Running Red Lights and Causing Oregon Trucking Accidents: Portland Trucking Accident Lawyers

Oregon Trucking Accidents Caused by Running Red Lights

Even before we get behind the wheel, we know that a green light means go, yellow means caution and slow, and red means stop.  Yet, far too many drivers fail to use caution at yellow lights and stop at red lights.  This is why intersections are considered to be one of the most dangerous places on the roadway.  Drivers who fail to stop at a red light are places themselves and others are serious risk for personal injuries or wrongful death.  Many t-bone collisions or head-on collisions are catastrophic and fatal.  This is especially true when a large commercial truck like a big rig, 18 wheeler, tanker, or other box truck runs a red light and results in an Oregon trucking accident.  Our Portland trucking accident lawyers know just how dangerous these types of crashes are and why you need to retain the right kind of personal injury lawyer for your case.

Running Red Lights Violates Oregon Vehicle and Traffic Law

Although it is common sense to not run a red light, this is ingrained in society because of the vehicle and traffic law.  Under Oregon Law, ORS 811.265 governs a driver’s failure to obey traffic control devices.  Subsection (1) provides that “[a] person commits the offense of driver failure to obey a traffic control device is the person drivers a vehicle and the person does any of the following: (a) Fails to obey the directions of any traffic control device. (b) Fails to obey any specific traffic control device described under ORS 811.260 . . . in the the manner required by that section.”

These offenses under both subsection (a) and (b) include a red light.  A driver who runs a red light is violating both subsections and is potentially liable for the offense.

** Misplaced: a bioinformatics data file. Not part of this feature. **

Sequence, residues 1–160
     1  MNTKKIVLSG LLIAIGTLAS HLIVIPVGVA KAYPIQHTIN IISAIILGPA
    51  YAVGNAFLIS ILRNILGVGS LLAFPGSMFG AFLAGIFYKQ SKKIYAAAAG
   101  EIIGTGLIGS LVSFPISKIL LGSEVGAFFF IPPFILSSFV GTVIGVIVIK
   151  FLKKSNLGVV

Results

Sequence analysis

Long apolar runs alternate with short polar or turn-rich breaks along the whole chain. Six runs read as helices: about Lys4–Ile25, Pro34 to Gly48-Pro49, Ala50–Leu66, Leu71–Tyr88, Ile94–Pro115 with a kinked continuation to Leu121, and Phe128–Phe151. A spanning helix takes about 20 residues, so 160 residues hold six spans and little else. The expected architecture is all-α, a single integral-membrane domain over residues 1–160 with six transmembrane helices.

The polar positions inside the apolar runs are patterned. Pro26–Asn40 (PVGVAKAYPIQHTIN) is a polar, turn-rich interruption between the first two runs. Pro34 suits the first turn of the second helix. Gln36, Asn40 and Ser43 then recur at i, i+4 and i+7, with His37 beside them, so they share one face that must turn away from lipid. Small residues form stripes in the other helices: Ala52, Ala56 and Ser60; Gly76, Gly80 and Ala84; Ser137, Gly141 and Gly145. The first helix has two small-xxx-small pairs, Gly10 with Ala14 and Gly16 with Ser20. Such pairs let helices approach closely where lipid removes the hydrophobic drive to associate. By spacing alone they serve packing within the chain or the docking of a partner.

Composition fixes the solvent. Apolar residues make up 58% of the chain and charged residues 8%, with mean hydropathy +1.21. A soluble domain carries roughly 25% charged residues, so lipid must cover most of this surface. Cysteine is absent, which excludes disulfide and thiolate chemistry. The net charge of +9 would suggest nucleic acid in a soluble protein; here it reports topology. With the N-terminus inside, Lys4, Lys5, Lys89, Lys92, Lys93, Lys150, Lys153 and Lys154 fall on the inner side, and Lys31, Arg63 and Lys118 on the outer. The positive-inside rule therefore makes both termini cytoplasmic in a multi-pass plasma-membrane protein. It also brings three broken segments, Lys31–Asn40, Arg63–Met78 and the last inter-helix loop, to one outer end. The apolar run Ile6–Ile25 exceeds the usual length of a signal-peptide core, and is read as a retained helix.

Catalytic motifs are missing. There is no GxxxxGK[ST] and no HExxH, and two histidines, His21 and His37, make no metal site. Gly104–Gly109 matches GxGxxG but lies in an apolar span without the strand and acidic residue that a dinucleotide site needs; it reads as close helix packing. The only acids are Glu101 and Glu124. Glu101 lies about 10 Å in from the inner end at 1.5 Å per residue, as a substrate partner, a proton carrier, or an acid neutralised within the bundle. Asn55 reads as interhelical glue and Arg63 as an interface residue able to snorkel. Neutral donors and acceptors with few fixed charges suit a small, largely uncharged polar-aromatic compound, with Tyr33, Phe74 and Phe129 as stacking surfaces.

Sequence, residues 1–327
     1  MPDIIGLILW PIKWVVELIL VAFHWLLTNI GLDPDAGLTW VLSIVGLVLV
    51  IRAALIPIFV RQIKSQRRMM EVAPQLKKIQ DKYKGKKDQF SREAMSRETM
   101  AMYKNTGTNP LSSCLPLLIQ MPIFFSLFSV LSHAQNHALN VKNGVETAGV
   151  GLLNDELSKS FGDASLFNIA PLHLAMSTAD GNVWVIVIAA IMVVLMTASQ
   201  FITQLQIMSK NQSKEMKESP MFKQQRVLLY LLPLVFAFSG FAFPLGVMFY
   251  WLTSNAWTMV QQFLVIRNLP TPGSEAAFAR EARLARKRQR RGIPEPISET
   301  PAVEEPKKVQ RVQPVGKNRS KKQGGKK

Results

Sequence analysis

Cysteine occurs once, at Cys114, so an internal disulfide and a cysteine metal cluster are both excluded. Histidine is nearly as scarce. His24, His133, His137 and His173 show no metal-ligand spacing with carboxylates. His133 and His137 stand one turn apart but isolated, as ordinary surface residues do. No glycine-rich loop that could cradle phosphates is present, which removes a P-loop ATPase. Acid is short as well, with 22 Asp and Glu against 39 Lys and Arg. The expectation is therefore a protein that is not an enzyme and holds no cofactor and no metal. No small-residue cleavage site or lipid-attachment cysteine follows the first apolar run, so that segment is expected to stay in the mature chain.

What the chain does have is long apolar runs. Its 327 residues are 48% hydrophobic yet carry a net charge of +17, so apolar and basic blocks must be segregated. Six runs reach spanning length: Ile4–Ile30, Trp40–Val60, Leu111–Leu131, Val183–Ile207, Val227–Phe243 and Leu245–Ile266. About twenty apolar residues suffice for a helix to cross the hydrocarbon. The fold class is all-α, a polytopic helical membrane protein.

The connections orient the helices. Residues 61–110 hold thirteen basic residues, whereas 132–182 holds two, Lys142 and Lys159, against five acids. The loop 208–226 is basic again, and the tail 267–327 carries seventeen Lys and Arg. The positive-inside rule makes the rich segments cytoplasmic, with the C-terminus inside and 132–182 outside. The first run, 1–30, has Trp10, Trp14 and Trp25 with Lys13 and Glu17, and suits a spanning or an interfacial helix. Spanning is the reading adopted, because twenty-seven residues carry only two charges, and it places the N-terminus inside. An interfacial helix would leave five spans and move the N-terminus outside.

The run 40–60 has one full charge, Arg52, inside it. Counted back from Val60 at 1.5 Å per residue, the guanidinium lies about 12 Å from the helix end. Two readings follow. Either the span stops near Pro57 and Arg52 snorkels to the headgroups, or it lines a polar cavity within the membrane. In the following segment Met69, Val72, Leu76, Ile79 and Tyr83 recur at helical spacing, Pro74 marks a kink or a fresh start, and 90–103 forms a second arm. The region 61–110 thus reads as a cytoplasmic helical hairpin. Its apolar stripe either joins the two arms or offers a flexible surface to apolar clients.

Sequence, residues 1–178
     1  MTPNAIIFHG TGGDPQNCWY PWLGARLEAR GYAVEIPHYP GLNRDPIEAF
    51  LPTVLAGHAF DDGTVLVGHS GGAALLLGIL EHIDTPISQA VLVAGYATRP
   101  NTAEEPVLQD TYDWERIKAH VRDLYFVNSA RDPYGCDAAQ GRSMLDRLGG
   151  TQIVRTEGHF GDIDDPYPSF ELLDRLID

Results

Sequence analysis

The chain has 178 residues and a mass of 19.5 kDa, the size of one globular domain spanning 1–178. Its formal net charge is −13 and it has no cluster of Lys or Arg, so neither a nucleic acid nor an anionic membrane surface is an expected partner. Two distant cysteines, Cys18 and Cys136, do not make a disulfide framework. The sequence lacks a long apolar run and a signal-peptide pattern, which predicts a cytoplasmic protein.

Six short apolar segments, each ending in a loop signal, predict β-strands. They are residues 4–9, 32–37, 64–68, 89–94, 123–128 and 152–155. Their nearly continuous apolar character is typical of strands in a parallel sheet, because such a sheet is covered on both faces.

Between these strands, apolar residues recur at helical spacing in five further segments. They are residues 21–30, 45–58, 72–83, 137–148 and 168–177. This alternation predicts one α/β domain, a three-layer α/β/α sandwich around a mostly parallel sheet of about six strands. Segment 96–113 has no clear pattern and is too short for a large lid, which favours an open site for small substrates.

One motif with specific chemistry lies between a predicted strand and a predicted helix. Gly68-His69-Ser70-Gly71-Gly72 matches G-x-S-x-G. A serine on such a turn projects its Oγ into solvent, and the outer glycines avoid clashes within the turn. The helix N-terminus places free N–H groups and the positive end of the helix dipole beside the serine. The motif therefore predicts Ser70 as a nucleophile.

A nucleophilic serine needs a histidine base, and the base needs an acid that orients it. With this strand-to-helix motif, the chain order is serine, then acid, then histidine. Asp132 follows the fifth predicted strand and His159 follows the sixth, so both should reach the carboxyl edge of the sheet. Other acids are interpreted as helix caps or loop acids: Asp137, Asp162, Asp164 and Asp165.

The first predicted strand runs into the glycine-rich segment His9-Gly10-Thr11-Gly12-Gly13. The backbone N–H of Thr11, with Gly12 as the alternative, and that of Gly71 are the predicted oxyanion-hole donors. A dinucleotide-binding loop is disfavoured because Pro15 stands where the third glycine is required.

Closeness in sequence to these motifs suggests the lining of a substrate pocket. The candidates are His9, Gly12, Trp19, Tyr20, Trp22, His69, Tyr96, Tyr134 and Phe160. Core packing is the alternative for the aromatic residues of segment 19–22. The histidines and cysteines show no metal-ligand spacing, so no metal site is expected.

Establishing Personal Injury Liability for Running a Red Light

When a truck driver runs a red light and causes personal injuries, it could result in serious consequences for the injured victim and his or her family.  This is why Oregon, like most states, as the doctrine of negligence per se.  This doctrine allows a victim who was supposed to be protected from a statute to hold a violator who harms the victim automatically liable.  There are certain elements that a victim must establish for this doctrine to apply, including that the victim did not violate a statute, the defendant actually did violate the law, the law was meant to protect the victim in the manner in which the victim was harmed, and that no other pertinent defense applies to the defendant (emergency, directed by police, medical emergency).

Truck Drivers that Run Red Lights Need to be Held Accountable

A truck driver who runs a red light is placing everyone in grave danger of being seriously injured or wrongfully killed.  This is because a truck driver who fails to comply with Oregon law, including the most basic laws relating to stopping at a red light, is unnecessarily harming innocent people.  Large commercial vehicles frequently cause catastrophic injury and wrongful death due to their large size.

If you or a loved one have been seriously injured or killed as a result of a trucking accident or collision contact the Oregon Truck Accident Lawyers at Kuhlman Law at our number below or fill out the intake form.  We offer a free initial case evaluation and handle cases on a contingency fee which means that you pay no money unless we recover.  

Our law firm handles cases throughout the state including Bend and Portland Oregon, Redmond, Central Oregon, Multnomah County, Deschutes County, Salem, Eugene, Corvallis, Lane County, Medford, Gresham, Albany, Medford, Beaverton, Umatilla, Pendleton, and Hillsboro.  

We also have an office in Minneapolis, Minnesota and take Trucking accident cases throughout the Twin Cities, including St. Paul, Hennepin County, Ramsey County, Dakota County, Washington County, Anoka County, Scott County, Blaine, Stillwater, and Saint Paul Minnesota.  

Please act quickly, there is a limited time (Statute of Limitations) in which you can bring a claim under the law.